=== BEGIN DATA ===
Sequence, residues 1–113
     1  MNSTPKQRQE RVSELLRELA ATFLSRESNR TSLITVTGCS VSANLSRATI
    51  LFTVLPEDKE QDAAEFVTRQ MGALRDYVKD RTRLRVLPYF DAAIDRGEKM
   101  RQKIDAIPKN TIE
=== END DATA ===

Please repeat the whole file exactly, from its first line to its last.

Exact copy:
Sequence, residues 1–113
     1  MNSTPKQRQE RVSELLRELA ATFLSRESNR TSLITVTGCS VSANLSRATI
    51  LFTVLPEDKE QDAAEFVTRQ MGALRDYVKD RTRLRVLPYF DAAIDRGEKM
   101  RQKIDAIPKN TIE